Of course you create examples where either example makes more sense.

                        fold (+) [1, 2, 3]
                        -- makes more sense as
                        (fold (+)) [1, 2, 3]
                        -- because (fold (+)) is a meaningful kind of thing
                        

                        whereas

                        foreach person as person:
                            print name-of person
                        -- obviously makes more sense as
                        print (name-of person)
                        
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                          We also have if and do:

                          if foo
                             bar
                             mu
                          
                          do this
                             that
                             those
                          

                          Note, if you will, that these special operators interpret their arguments in a non-function normal-order way. They interpret their arguments syntactically!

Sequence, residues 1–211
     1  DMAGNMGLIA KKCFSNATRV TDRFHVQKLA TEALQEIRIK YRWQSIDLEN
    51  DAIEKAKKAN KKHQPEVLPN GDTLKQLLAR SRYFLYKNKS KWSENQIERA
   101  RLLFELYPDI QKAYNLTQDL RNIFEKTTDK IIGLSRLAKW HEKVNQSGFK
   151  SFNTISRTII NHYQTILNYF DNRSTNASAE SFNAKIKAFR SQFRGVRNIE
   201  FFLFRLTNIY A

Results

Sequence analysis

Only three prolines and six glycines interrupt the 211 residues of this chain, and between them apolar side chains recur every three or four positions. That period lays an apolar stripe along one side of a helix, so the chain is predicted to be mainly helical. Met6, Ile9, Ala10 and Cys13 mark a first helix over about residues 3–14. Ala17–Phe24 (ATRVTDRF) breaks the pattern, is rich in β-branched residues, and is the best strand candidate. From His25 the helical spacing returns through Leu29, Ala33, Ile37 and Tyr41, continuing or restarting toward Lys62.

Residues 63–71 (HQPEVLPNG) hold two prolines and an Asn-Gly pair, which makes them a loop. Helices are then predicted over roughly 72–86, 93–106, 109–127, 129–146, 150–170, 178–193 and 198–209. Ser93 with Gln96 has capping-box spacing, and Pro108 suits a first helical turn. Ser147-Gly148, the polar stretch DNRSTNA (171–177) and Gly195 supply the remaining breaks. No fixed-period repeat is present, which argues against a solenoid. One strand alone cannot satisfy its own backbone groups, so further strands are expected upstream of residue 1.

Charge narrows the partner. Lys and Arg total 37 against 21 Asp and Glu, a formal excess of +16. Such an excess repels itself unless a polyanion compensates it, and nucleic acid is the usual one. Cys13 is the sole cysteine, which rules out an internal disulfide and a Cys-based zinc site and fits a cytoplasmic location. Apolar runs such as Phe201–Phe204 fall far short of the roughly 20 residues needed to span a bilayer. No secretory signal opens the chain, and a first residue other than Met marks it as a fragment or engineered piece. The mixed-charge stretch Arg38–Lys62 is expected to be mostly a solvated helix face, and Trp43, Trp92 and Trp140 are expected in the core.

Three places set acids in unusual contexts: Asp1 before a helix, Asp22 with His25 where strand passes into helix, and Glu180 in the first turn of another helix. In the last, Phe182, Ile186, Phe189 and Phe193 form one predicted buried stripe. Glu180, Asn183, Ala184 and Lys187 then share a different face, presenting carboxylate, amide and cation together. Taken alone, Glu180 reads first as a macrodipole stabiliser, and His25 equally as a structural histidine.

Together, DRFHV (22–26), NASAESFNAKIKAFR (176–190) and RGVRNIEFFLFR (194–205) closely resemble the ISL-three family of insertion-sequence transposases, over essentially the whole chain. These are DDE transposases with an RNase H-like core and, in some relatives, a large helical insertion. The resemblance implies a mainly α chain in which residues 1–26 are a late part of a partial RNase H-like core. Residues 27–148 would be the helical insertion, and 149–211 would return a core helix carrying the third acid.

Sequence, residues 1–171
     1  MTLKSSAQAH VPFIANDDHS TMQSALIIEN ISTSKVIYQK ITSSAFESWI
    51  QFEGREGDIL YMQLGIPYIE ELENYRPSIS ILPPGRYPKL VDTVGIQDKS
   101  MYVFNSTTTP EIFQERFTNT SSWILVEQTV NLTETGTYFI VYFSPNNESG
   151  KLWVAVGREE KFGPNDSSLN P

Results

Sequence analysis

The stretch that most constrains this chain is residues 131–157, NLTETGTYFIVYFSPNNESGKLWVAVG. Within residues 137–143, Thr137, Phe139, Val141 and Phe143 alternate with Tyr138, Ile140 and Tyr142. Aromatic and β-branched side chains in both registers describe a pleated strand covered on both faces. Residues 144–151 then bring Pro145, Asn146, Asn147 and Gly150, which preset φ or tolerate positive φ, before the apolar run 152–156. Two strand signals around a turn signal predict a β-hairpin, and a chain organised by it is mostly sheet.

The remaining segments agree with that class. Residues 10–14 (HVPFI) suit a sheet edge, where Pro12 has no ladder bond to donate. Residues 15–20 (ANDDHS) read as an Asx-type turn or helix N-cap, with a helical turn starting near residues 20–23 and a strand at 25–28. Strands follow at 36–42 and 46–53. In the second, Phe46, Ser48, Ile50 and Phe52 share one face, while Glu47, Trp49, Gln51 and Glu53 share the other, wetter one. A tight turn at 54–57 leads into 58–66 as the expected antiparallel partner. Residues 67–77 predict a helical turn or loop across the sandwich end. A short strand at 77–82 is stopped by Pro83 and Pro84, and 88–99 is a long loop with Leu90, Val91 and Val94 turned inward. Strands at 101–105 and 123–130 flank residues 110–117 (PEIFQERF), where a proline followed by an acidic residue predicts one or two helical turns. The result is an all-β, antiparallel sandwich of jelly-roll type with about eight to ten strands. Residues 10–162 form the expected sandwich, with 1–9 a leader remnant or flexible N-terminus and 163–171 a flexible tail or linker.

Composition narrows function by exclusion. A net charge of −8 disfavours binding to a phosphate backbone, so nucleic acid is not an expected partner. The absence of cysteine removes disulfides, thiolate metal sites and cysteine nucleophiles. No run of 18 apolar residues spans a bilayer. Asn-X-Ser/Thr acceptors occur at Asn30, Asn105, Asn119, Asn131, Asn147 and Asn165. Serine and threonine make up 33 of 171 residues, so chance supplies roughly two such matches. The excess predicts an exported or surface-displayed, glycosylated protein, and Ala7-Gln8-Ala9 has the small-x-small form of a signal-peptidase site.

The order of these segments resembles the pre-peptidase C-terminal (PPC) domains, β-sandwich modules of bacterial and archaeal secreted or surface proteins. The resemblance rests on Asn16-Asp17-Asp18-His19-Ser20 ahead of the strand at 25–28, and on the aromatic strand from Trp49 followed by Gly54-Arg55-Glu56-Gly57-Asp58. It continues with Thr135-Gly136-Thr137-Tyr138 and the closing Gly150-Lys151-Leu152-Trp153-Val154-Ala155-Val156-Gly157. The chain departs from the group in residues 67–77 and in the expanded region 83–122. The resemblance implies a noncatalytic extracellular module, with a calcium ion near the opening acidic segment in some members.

I don’t quite understand what this sentence means, and why if is a special operator instead of a regular function which takes 3-arguments.

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                            Because you have to delay the evaluation of your then or else statement depending on the result of the condition. If statements can be implemented as a function if the language uses lazy evaluation, but with eager evaluation you have to delay the evaluation of the branches with a macro or something.

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                              Good point. I was sub-consciously thinking in terms of lazy evaluation, while this language is strict.

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                            (Not unsafe: Implemented in Haskell.)